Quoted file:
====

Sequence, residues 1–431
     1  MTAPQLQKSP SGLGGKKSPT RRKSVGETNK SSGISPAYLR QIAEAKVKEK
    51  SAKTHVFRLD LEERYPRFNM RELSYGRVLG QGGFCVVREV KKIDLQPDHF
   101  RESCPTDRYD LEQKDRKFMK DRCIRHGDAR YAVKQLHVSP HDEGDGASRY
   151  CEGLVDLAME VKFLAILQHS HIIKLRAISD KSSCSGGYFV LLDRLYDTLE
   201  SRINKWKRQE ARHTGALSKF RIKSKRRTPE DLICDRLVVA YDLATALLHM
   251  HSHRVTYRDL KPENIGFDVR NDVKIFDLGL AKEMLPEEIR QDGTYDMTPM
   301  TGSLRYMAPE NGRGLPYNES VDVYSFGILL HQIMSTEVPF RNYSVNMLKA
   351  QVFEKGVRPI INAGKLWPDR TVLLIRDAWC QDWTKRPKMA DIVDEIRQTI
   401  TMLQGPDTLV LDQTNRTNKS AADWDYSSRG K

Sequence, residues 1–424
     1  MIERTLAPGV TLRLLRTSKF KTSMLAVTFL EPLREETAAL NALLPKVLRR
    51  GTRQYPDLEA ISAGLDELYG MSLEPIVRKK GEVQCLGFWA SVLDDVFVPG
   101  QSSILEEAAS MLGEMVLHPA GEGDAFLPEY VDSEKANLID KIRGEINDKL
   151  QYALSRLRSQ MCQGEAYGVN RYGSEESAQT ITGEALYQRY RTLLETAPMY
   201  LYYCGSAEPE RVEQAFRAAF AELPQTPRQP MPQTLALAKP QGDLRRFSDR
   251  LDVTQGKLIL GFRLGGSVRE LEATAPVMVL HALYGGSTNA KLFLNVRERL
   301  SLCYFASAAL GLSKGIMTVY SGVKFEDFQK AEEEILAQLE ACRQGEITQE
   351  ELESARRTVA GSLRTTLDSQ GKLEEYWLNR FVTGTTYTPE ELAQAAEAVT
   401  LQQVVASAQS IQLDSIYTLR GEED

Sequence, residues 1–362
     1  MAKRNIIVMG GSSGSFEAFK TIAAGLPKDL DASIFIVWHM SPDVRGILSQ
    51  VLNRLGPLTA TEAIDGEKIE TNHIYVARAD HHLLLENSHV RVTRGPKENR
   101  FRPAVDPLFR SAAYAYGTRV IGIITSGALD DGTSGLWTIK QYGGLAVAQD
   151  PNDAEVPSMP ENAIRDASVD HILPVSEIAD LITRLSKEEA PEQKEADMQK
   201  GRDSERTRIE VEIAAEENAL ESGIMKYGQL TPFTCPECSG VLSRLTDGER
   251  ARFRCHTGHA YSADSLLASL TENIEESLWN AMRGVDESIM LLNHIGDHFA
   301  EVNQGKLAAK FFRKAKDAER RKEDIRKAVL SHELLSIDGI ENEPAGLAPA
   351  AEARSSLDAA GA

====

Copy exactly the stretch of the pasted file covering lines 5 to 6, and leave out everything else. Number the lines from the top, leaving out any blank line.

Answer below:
   151  CEGLVDLAME VKFLAILQHS HIIKLRAISD KSSCSGGYFV LLDRLYDTLE
   201  SRINKWKRQE ARHTGALSKF RIKSKRRTPE DLICDRLVVA YDLATALLHM